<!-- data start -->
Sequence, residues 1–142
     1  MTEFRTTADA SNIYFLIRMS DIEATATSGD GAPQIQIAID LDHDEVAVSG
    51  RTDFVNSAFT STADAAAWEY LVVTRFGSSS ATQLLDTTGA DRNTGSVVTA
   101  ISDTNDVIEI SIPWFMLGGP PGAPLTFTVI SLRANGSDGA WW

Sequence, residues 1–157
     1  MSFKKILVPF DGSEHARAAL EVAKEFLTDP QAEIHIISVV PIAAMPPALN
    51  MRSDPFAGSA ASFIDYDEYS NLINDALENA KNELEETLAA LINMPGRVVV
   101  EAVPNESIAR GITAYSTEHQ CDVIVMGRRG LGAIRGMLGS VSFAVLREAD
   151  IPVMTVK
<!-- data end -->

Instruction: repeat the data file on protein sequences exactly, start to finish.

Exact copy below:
Sequence, residues 1–142
     1  MTEFRTTADA SNIYFLIRMS DIEATATSGD GAPQIQIAID LDHDEVAVSG
    51  RTDFVNSAFT STADAAAWEY LVVTRFGSSS ATQLLDTTGA DRNTGSVVTA
   101  ISDTNDVIEI SIPWFMLGGP PGAPLTFTVI SLRANGSDGA WW

Sequence, residues 1–157
     1  MSFKKILVPF DGSEHARAAL EVAKEFLTDP QAEIHIISVV PIAAMPPALN
    51  MRSDPFAGSA ASFIDYDEYS NLINDALENA KNELEETLAA LINMPGRVVV
   101  EAVPNESIAR GITAYSTEHQ CDVIVMGRRG LGAIRGMLGS VSFAVLREAD
   151  IPVMTVK